Ni francophone, ni francophile (by Dr Susan Ballinger)

This week’s blog post includes a linked audio file. Just click on the link below if you would like to hear the post read aloud. Scroll down to read the text.

A few years ago, I was attending a conference run by L’Association canadienne des professionnels de l’immersion (ACPI). It was an excellent conference. The quality of the workshops was high, it was extremely well organized, and everyone had a great time at the events. I would recommend the ACPI conferences to any French immersion teacher or administrator, and I have great respect for all of the fantastic projects run by the hard-working people at ACPI. That conference also helped me to understand why I’ve never fully fit under that organization’s umbrella despite the fact that one of my main areas of research and work is immersion teacher education. The light bulb went off when, in one of the opening talks, the since-deceased historian, Serge Bouchard, greeted the ACPI crowd as ‘francophones et francophiles.’ I looked out at the room, and everyone smiled back at him, many nodding enthusiastically. But I couldn’t relate to either of those labels.

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Stickiness of language and culture: Identity in the making (by Dr Sunny Man Chu Lau)

Sunny Man Chu Lau is Associate Professor in the School of Education at Bishop’s University in Quebec, Canada. Her interest in and advocacy for critical approaches to second language (L2) learning can be traced back to her English language experience both as a learner and as an educator in Hong Kong. Born and raised in this former British colony, since very young, she came to know and experience the hegemonic power of ESL, “English as a superior language” (Pennycook, 1998), in everyday life and how it impacted learners’ relationship with the language as well as with their life chances. For more about Sunny see our Active Members page.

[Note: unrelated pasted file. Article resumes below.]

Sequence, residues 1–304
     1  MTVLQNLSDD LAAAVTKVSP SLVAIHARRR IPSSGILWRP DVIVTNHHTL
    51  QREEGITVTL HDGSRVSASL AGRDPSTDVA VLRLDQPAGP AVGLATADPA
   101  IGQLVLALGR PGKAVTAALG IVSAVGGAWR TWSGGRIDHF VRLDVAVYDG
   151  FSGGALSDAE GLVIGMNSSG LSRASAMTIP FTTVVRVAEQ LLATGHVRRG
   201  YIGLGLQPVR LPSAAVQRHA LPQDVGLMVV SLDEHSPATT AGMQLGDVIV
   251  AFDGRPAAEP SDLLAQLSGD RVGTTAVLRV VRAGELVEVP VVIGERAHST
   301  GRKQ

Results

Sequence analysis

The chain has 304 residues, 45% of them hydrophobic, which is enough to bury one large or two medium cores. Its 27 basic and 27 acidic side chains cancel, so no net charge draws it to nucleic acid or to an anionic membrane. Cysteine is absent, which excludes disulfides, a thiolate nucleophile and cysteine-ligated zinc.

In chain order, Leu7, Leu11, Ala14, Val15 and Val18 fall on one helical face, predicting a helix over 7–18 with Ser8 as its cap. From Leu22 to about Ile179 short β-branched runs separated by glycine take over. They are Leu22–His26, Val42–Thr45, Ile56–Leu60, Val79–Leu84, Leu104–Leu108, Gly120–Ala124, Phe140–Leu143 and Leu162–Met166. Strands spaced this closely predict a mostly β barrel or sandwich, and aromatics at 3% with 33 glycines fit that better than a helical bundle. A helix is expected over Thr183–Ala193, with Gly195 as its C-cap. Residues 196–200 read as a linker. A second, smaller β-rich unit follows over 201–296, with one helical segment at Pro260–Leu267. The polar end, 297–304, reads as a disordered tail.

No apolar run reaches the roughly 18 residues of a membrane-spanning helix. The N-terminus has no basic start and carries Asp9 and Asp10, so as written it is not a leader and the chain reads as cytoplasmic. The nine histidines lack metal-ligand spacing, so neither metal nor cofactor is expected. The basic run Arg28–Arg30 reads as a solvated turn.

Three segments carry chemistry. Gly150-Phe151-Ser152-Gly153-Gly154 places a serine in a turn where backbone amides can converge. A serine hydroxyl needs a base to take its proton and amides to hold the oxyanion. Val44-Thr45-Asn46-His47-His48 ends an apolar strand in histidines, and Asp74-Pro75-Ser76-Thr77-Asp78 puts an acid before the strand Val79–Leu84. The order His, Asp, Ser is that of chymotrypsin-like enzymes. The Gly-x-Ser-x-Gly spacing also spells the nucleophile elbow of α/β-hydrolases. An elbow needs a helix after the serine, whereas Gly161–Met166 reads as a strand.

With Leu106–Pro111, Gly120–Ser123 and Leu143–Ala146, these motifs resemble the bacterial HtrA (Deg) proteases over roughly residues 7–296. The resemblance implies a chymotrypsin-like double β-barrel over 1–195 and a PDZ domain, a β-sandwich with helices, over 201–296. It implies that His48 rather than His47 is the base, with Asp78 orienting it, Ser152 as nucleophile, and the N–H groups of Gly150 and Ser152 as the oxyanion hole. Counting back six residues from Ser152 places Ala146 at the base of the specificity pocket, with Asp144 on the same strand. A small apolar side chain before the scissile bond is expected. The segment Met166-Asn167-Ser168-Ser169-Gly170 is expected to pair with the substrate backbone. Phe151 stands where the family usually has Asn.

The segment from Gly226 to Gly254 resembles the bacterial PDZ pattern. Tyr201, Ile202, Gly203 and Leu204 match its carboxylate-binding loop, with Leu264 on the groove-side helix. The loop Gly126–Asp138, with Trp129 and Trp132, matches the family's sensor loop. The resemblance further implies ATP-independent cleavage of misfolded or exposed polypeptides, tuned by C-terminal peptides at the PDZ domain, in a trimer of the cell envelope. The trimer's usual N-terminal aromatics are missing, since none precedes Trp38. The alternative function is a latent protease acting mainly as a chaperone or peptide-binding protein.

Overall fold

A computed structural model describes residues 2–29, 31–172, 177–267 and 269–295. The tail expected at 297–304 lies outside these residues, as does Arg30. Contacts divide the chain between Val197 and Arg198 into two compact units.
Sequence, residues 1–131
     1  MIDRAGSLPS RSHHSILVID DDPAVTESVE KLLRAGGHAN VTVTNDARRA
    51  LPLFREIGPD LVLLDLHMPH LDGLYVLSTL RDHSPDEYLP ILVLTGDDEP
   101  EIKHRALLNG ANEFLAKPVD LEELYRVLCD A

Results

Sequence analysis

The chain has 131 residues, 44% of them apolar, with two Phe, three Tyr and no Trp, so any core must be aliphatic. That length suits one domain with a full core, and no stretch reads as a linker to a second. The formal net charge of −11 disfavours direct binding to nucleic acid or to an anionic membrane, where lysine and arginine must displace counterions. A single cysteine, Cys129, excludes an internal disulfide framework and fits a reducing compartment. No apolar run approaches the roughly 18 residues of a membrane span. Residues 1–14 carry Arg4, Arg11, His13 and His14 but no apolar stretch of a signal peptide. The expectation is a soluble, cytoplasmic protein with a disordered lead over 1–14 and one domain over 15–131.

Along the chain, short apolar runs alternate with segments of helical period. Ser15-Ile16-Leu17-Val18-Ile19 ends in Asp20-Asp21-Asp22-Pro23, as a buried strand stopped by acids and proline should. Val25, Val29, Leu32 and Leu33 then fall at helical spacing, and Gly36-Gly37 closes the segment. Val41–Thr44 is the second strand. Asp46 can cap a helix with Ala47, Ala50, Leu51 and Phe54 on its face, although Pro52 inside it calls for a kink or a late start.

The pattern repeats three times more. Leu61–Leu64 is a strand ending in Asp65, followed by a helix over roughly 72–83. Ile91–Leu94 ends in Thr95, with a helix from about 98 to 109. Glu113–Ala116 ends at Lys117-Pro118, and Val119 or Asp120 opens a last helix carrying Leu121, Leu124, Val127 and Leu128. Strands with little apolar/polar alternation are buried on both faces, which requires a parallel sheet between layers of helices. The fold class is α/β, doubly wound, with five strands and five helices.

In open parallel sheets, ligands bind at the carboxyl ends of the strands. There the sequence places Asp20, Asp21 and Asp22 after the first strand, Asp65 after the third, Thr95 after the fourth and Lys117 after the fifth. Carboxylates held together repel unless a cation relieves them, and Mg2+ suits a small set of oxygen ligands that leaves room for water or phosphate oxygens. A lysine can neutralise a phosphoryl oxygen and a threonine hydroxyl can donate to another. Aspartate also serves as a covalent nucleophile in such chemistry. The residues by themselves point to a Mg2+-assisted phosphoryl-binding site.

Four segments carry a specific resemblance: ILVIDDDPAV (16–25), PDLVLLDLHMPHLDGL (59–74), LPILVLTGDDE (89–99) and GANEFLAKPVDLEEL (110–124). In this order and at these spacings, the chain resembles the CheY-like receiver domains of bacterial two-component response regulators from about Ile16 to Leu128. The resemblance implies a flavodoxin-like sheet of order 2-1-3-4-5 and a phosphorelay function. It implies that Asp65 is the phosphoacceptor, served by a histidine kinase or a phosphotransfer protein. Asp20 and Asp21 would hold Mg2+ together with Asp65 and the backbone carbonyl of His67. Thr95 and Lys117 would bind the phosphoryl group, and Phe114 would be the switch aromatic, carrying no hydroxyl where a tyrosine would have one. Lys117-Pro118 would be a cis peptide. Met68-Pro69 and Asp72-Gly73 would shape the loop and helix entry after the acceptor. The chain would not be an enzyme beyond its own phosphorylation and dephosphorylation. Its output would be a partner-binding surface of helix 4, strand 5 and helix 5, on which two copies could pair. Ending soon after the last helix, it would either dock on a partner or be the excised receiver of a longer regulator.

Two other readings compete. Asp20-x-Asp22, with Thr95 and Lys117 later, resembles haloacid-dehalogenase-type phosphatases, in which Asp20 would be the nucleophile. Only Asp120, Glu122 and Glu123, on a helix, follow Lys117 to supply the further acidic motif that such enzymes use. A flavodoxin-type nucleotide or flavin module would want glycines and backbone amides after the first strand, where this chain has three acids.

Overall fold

Affect is an impingement or extrusion of a momentary or sometimes more sustained state of relation as well as the passage (and the duration of passage) of forces or intensities. That is, affect is found in those intensities that pass from body to body (human, nonhuman, part-body, and otherwise), in those resonances that circulate about, between, and sometimes stick to bodies and worlds, and in the very passages or variations between these intensities and resonances themselves. (Seigworth & Gregg, 2010, p. 1).

Seigworth and Gregg (2010) describe how affect is fundamentally visceral and material, circulating between bodies and environment, shaping and shaped by different political, economic, and cultural forces. This material and social view of emotions prompts to ask how one is affected, by one’s experience with language, into action or non-action regarding language learning. Our emotional attachment, the “stickiness” (Ahmed, 2004) of certain language and cultural practices is a “product of history and society” (Busch, 2015). My language portrait attempts to show the bricolage of my experiences, past, present and projective, and how they get attached onto my body:

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Bildungsroman: Sturm und Chung (by Rhonda Chung)

While packing away the mounds of leftovers last night, I wondered why I hadn’t properly prepared my fridge for all this party food. And that’s when it dawned on me: I had never had a birthday party before.

I am now 40 years old. Officially middle aged. My youth is now behind me. And apparently, this is the perfect time to throw a party.

Bildungs (education) roman (novel) is a German compound word that has entered the English literary vernacular, describing a character’s coming of age tale. The child leaves herself behind and sets foot in a new direction.

And when has travel not been exciting?

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